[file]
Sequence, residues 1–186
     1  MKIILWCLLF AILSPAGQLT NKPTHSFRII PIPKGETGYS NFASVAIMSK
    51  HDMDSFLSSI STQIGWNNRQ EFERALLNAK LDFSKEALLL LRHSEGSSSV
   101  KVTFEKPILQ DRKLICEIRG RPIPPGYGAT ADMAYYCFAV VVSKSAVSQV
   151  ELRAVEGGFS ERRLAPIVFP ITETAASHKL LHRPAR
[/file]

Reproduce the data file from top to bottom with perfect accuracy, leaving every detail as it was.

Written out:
Sequence, residues 1–186
     1  MKIILWCLLF AILSPAGQLT NKPTHSFRII PIPKGETGYS NFASVAIMSK
    51  HDMDSFLSSI STQIGWNNRQ EFERALLNAK LDFSKEALLL LRHSEGSSSV
   101  KVTFEKPILQ DRKLICEIRG RPIPPGYGAT ADMAYYCFAV VVSKSAVSQV
   151  ELRAVEGGFS ERRLAPIVFP ITETAASHKL LHRPAR